- Personal growth and stronger brand name
- Slower business growth
- Unable to concentrate on the product/services with worries on runway
- Demotivating for team and potentially drive them away
- Potential debts
There are two types grants, government and private.
It’s a subsidy for your startups minus the hassle of repayment. But, in exchange, you have to deliver results. As such, many grants are driven by the government in efforts to boost the local startup ecosystem.
Some grants come in the form of coaching, i.e. Cradle’s Coach and Grow Programme, which expects your full participation. Some in accelerators, i.e. MaGIC’s Global Accelerator Program., which requires you to be onsite for a specific amount of time with allowance given.
- No repayment
- Possibly receive large amounts of money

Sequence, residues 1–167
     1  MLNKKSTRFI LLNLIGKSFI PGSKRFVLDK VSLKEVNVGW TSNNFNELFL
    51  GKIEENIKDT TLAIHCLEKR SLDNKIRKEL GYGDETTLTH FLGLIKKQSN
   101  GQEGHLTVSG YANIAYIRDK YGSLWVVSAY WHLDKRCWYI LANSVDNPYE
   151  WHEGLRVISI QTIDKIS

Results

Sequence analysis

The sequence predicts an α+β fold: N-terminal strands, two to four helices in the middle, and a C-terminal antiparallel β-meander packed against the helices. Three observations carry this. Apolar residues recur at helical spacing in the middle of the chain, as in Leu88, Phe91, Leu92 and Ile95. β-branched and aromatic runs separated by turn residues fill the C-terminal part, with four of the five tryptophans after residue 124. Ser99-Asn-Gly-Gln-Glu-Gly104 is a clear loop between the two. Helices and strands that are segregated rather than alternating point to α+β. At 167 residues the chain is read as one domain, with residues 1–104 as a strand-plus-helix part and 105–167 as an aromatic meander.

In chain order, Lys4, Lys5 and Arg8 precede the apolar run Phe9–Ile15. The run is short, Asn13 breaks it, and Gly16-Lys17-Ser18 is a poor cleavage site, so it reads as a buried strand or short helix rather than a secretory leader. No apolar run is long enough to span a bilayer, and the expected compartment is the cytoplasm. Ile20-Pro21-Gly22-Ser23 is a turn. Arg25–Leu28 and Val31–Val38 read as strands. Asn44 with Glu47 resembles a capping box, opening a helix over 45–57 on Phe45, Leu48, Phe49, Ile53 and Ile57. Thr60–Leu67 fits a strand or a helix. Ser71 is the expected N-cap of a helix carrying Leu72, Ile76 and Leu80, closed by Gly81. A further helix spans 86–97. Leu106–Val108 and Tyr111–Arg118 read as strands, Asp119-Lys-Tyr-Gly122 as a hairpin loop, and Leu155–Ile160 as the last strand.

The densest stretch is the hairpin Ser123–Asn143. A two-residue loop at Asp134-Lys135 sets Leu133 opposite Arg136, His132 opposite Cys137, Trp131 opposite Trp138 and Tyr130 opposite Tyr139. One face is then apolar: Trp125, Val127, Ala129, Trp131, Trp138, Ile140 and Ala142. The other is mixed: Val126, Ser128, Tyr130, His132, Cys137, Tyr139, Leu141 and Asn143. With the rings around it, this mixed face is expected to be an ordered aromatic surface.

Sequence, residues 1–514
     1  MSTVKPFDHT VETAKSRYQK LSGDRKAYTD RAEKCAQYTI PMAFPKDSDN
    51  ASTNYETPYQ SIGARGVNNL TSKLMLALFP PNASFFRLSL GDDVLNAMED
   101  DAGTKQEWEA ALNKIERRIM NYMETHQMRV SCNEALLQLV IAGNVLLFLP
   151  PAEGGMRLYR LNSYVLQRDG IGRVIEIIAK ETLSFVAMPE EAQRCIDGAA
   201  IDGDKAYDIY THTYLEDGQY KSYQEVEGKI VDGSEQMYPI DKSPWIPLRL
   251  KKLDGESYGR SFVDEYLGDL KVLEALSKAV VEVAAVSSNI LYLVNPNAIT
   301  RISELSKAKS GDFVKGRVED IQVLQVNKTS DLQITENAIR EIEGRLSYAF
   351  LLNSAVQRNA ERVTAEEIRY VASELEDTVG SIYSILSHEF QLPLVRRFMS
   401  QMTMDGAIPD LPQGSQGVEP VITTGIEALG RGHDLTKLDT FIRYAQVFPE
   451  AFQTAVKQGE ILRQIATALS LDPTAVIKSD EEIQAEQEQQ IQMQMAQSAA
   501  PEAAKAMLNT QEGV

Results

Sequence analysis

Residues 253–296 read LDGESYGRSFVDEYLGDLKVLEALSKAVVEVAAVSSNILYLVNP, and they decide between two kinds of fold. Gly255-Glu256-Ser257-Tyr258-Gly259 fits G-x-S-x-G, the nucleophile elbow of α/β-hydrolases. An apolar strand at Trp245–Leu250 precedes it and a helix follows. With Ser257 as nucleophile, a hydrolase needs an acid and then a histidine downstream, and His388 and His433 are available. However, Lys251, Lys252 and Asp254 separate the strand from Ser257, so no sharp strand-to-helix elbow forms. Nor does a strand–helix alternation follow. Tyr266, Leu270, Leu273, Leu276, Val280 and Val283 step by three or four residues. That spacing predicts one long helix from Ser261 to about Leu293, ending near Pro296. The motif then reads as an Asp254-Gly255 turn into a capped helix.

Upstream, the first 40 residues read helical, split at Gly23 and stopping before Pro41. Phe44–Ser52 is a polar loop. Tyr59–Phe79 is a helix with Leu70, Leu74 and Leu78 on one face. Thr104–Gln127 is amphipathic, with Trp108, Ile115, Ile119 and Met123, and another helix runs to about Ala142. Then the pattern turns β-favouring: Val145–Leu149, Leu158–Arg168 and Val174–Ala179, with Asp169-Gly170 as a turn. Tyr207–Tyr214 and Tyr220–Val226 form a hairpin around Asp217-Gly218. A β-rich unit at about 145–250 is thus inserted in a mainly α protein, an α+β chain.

- Visibility and credibility for your startup
- Learn and grow faster from industry experts
- Time-consuming research to write the proposal
- Might have a long wait ahead of you
- Stiff competition
- Strict eligibility criteria
- Strings attached, i.e. you can’t use the funds any way you like
- Most are short-term grants
Startups generally have multiple rounds of capital funding as it progresses and develops further.
In an equity funding round, you’ll receive money in exchange for shares of your stock. You could be handing over any percentage of your business depending on your startup valuation.
Where does equity funding come from?
1. Angel Investors.
“Angels are individual rich people,” says Paul Graham.
Could be your rich uncle.
No? Otherwise, you could look for one in an Angels Investor Network.
Angels may provide a one-time investment or recurring injections to support your startup through its killer early stages (the valley of death).
In return for the angel investments, they expect either convertible debt or ownership equity.
Angel investors tend to offer more favourable terms because their focus lies in helping startups pave a path for themselves. The amount they invest is flexible.
It could be a moderate amount to get the ball rolling, or it could be a more substantial figure. Typically, they range from US $25,000 to $100,000.
2. Venture Capitalists (VC)